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Taxpayer Information Assistance Services and Tax Compliance Behavior

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Author Info

  • James Alm

    ()
    (Department of Economics, Tulane University)

  • Todd Cherry

    ()
    (Department of Economics, Walker College of Business, Appalachian State University)

  • Michael Jones

    ()
    (Department of Economics, Bridgewater State College)

  • Michael McKee

    ()
    (Department of Economics, Walker College of Business, Appalachian State University)

Abstract

The traditional "enforcement" paradigm of tax administration views taxpayers as potential criminals, and emphasizes the repression of illegal behavior through frequent audits and stiff penalties. However, an important trend in tax administration policies in recent years is the recognition that this paradigm is incomplete. Instead, a revised "service" paradigm recognizes the role of enforcement, but also emphasizes the role of tax administration as a facilitator and a provider of services to taxpayer-citizens. This research utilizes laboratory experiments to test the effectiveness of such taxpayer service programs in enhancing tax compliance. Our basic experimental setting mimics the naturally occurring environment: subjects earn income, they must choose whether to file a tax return, and they then must choose how much of their net income to report to a tax authority that may audit the subject. To investigate the effects of taxpayer services, we "complicate" these compliance decisions of subjects, and then provide "services" from the "tax administration" that allow subjects to compute more easily their tax liabilities. Our results indicate that uncertainty reduces both the filing and the reporting compliance of an individual. However, we also find that agency-provided information has a positive and significant impact on the tendency of an individual to file a tax return, and also on reporting for individuals who choose to file a return.

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File URL: http://econ.tulane.edu/RePEc/pdf/tul1101.pdf
File Function: First version, 2011
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Bibliographic Info

Paper provided by Tulane University, Department of Economics in its series Working Papers with number 1101.

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Length: 27 pages
Date of creation: Apr 2011
Date of revision:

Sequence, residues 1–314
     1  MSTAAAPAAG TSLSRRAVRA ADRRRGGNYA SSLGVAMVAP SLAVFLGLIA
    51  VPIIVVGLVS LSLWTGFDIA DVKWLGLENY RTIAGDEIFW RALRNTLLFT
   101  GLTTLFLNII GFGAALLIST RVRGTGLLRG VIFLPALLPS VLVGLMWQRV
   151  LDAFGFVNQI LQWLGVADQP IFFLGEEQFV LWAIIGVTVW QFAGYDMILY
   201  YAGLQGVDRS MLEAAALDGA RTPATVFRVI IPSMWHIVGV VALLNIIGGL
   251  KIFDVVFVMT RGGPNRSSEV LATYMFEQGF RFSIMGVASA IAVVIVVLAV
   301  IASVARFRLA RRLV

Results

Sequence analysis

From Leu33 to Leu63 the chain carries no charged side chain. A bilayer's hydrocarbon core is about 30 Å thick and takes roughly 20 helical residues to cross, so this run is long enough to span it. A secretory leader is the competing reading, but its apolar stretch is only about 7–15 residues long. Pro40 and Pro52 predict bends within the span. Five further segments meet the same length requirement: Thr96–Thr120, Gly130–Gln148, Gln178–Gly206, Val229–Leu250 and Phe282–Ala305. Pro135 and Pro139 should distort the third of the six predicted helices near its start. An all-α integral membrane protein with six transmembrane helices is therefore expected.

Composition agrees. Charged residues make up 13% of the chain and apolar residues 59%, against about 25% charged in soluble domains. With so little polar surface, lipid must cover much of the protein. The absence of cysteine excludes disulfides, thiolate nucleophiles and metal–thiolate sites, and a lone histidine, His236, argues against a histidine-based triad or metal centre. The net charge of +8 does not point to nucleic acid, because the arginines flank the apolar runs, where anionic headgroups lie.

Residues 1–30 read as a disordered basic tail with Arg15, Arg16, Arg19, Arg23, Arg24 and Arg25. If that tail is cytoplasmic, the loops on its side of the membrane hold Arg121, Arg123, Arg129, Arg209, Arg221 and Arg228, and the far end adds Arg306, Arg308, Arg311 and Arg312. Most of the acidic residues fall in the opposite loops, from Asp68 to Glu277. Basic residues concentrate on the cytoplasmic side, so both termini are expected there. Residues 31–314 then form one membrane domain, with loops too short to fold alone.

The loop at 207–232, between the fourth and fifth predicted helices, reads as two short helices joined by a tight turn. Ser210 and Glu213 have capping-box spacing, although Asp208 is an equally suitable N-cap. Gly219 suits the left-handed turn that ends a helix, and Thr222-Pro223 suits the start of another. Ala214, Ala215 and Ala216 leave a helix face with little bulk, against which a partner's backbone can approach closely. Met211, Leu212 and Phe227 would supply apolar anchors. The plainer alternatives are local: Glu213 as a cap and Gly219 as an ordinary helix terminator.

Handle: RePEc:tul:wpaper:1101

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Keywords: tax evasion; tax compliance; behavioral economics; experimental economics;

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References

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Citations

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Cited by:
  1. James, Simon & Edwards, Alison, 2010. "An annotated bibliography of tax compliance and tax compliance costs," MPRA Paper 26106, University Library of Munich, Germany.
  2. Eichfelder, Sebastian & Kegels, Chantal, 2014. "Compliance costs caused by agency action? Empirical evidence and implications for tax compliance," Journal of Economic Psychology, Elsevier, vol. 40(C), pages 200-219.
  3. Djanali, Iwan & Sheehan-Connor, Damien, 2012. "Tax affinity hypothesis: Do we really hate paying taxes?," Journal of Economic Psychology, Elsevier, vol. 33(4), pages 758-775.
  4. James Alm & Kim M. Bloomquist & Michael McKee, 2013. "When You Know Your Neighbor Pays Taxes: Information, Peer Effects, and Tax Compliance," Working Papers 13-22, Department of Economics, Appalachian State University.
  5. Kai A. Konrad & Tim Lohse & Salmai Qari, 2011. "Customs Compliance and the Power of Imagination," Working Papers customs_compliance_and_th, Max Planck Institute for Tax Law and Public Finance.
  6. Djawadi, Behnud Mir & Fahr, René, 2013. "The Impact of Tax Knowledge and Budget Spending Influence on Tax Compliance," IZA Discussion Papers 7255, Institute for the Study of Labor (IZA).
  7. James Alm, 2012. "Measuring, explaining, and controlling tax evasion: lessons from theory, experiments, and field studies," International Tax and Public Finance, Springer, vol. 19(1), pages 54-77, February.
  8. Pickhardt, Michael & Prinz, Aloys, 2014. "Behavioral dynamics of tax evasion – A survey," Journal of Economic Psychology, Elsevier, vol. 40(C), pages 1-19.
  9. James Alm & Jeremy Clark & Kara Leibel, 2011. "Socio-economic Diversity, Social Capital, and Tax Filing Compliance in the United States," Working Papers in Economics 11/35, University of Canterbury, Department of Economics and Finance.
  10. Doerrenberg, Philipp & Duncan, Denvil, 2014. "Experimental evidence on the relationship between tax evasion opportunities and labor supply," European Economic Review, Elsevier, vol. 68(C), pages 48-70.
  11. European Commission, 2013. "Tax reforms in EU Member States - Tax policy challenges for economic growth and fiscal sustainability – 2013 Report," Taxation Papers 38, Directorate General Taxation and Customs Union, European Commission.
  12. Sebastian Eichfelder & Chantal Kegels, 2012. "Compliance costs caused by agency action? Empirical evidence and implications for tax compliance," Schumpeter Discussion Papers sdp12005, Universitätsbibliothek Wuppertal, University Library.
  13. Doerrenberg, Philipp & Duncan, Denvil, 2014. "Tax Incidence in the Presence of Tax Evasion," IZA Discussion Papers 8137, Institute for the Study of Labor (IZA).
  14. Stefura Gabriela, 2012. "The Role of Opportunity, Taxpayers’ Perceptions and Demographic Differences in Tax Compliance Analysis," Annals - Economic and Administrative Series -, Faculty of Business and Administration, University of Bucharest, vol. 6(1), pages 163-177, December.

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